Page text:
For ever Fortune

Scottish Music in the 18th Century

Description

Eighteenth-century Scottish music is fascinating in its intermingling of traditional and “classical” styles. 

Scotland imported Italian music, particularly that of Corelli, and it was adopted by composers and performers such as William McGibbon, James Oswald, Robert McIntosh, and many others. But all of them without exception continued to use the themes of traditional Scottish music, while adapting them to the forms and harmonies of Rococo style. Thus they created music that has a truly unique charm, a delightful combination of ancient modality and Baroque harmony.

Bringing together dance tunes, songs, and airs with variations, Les Musiciens de Saint-Julien present here a very unusual programme, in which the poetry of early instruments is combined with the energy of the traditional phrasing.

6 or 7 musicians : 1 tenor and 5 – 6 instrumentalists
Soloists
Robert Getchell or Nick Scott : tenor
François Lazarevitch : flutes/smallpipes & direction
Formation
violin, viola da gamba, theorbo/cittern, triple harp

Production
Les Musiciens de Saint-Julien

Programme

Instrumental suite : Wally as the Marquess Ran (Variations, Strathspey et reels, XVIIIe s.)

Saw na ye my Peggie song (William Thomson 1733)

Princess Royal (Niel Gow 1727-1807) –For ever Fortune (song, William Thomson 1733)

Mrs Judge (Turlough O’Carolan 1670-1738) – John Anderson My Jo (song, Daniel Wright 1731)

Song (march) : Loch-Erroch Side
Reels (violin solo) : Lady Mary Hay’s Scotch Measure (Nathaniel Gow 1763-1831) –The Flower of Edinburgh (James Oswald 1710-1769)

Song : Ettrick Banks (song, William Thomson 1733)

Reels (flute solo) : The Fyket (Niel Gow) – Miss Bisset Logierait’s reel (Malcolm Mcdonald 1788) – Was ye at the Bridal (James Oswald) – The Cadgers of the Cannongate (Niel Gow)

Instrumental suite :
Benney Side (James Oswald)
Pearlin Peggie’s Bonny (William Christie 1820)
The Gum ga’d Aber (Gairdyn manuscript, vers 1710)
Adew Dundee (Skene manuscript, vers 1620)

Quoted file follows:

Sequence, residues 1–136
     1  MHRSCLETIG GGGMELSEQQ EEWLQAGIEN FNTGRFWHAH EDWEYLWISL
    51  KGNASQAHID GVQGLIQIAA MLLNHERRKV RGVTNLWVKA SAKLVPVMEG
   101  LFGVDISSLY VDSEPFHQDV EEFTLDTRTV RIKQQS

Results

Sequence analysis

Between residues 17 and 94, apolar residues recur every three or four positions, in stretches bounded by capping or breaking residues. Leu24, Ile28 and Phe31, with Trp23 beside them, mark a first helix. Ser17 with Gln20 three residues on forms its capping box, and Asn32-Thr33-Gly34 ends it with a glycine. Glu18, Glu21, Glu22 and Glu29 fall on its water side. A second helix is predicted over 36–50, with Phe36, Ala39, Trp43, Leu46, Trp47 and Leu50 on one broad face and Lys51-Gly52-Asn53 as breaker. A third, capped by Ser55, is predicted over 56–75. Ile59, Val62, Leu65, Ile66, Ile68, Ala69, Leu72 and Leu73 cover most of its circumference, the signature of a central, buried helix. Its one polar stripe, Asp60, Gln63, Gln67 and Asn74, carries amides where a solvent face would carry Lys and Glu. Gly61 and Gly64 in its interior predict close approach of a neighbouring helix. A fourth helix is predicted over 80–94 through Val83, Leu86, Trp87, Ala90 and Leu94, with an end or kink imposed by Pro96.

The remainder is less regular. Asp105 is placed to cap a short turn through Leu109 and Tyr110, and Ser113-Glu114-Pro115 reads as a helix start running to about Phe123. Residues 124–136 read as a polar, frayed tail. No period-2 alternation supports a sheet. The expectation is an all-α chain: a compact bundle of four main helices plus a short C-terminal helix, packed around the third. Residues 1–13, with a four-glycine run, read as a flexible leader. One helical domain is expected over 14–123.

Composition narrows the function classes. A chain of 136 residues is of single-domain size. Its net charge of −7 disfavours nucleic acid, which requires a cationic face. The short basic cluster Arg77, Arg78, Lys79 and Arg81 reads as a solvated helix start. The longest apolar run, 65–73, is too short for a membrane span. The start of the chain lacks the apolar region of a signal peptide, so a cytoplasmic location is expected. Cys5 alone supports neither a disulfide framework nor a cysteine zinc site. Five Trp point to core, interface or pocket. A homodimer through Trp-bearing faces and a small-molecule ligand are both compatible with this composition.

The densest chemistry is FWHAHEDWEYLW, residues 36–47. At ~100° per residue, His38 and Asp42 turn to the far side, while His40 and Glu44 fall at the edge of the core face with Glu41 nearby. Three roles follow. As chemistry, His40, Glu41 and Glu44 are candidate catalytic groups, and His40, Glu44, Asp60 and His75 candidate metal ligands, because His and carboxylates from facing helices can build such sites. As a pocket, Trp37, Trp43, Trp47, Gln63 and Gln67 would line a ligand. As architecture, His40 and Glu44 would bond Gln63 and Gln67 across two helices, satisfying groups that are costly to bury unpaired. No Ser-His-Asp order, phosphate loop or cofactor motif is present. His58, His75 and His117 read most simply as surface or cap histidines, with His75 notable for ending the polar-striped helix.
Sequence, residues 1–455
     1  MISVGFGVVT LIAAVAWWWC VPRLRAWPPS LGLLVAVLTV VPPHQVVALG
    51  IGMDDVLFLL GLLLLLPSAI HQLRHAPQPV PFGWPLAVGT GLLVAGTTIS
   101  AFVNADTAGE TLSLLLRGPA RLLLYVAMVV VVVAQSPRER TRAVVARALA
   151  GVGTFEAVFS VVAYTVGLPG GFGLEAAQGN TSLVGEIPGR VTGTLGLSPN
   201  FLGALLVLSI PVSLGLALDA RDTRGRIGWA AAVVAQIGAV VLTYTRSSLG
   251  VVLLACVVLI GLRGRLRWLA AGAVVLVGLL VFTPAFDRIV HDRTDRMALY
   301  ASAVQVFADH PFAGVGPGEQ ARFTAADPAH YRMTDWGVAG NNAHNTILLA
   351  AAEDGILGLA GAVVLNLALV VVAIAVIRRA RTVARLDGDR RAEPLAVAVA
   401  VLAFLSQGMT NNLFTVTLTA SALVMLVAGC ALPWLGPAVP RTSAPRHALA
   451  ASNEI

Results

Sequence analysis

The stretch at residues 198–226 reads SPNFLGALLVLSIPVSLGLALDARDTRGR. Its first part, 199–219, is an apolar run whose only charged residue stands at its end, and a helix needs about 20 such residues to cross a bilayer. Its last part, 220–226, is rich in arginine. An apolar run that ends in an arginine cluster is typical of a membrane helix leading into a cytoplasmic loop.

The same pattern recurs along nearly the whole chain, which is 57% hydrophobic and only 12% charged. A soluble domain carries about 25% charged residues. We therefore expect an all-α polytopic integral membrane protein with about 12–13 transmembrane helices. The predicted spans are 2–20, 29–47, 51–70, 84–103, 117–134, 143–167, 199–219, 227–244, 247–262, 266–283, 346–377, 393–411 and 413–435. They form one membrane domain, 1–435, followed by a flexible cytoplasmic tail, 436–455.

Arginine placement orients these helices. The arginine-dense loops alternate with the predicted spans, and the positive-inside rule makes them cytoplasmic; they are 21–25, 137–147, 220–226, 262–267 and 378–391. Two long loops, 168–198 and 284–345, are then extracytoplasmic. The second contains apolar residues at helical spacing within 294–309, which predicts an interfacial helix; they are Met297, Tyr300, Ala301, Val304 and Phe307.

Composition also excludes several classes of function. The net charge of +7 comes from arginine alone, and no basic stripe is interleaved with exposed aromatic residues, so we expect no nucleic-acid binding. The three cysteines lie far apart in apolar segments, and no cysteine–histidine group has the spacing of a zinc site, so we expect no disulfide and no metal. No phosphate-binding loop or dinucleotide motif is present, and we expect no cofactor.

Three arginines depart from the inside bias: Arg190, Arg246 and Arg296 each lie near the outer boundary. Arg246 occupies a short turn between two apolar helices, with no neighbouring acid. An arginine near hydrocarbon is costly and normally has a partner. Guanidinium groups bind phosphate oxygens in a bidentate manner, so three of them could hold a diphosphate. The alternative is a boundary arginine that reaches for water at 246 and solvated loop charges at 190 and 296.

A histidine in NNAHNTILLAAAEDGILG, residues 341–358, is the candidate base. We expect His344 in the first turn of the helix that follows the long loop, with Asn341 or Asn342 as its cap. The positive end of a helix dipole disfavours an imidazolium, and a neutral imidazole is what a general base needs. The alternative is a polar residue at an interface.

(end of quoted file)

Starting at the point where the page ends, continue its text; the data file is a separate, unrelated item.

Song : For our lang biding here (William Thomson 1733)
Jigs : Joy gae wi’ my love – The Flaughter Spade – Patrick McDonald’s Jig

Song : Lochaber (William Thomson)

Song (jig) : Muirland Willie (William Thomson)

Moc Donogh’s lamentation (Turlough O’Carolan)

Strathspey suite & reels : The Wawking of the faulds (William Thomson) – I wish I wou’d marry me – An Caora crom – Ratha fair – Haud the lass till I come at her – Clean Peas Strae (Niel Gow)



For ever fortune

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Alpha productions • Alpha 531 • ISBN 3760014195310 • 1 CD • 1 h 06

  1. Saw na ye my Peggie (3:01)
  2. Johnnie Cope – Laughlan’s lilt (3:25)
  3. MacCrimmon’s Lament (2:34)
  4. Princess Royal – For ever Fortune (3:59)
  5. Mrs Judge (1:51)
  6. John Anderson My Jo (3:16)
  7. Kennet’s Dream (3:46)
  8. Etrick Banks (3:42)
  9. The Fyket – Miss Bisset Logierait’s reel – Was ye at the Bridal – The Cadgers of the Cannongate (2:40)
  10. Benney side (2:51)
  11. Pearlin Peggie’s Bonny (2:25)
  12. The Gwin gad Albor (2:00)
  13. Adew Dundee (2:32)
  14. For our lang biding here – Joy gæ wi my love – The Flaughter Spade – Patrick McDonald’s Jig
  15. Loch-Erroch Side (1:54)
  16. The Flower of Edinburgh – Lady Mary Hay’s Scotch Measure (3:01)
  17. Lochaber (4:43)
  18. Muirland Willie (3:46)
  19. Moc Donogh’s lamentation (4:11)
  20. The Wawking of the faulds – I wish I wou’d marry me – An Caora crom – Ratha fair – Haud the lass till I come at her – Clean Peas Stræ (5:32)

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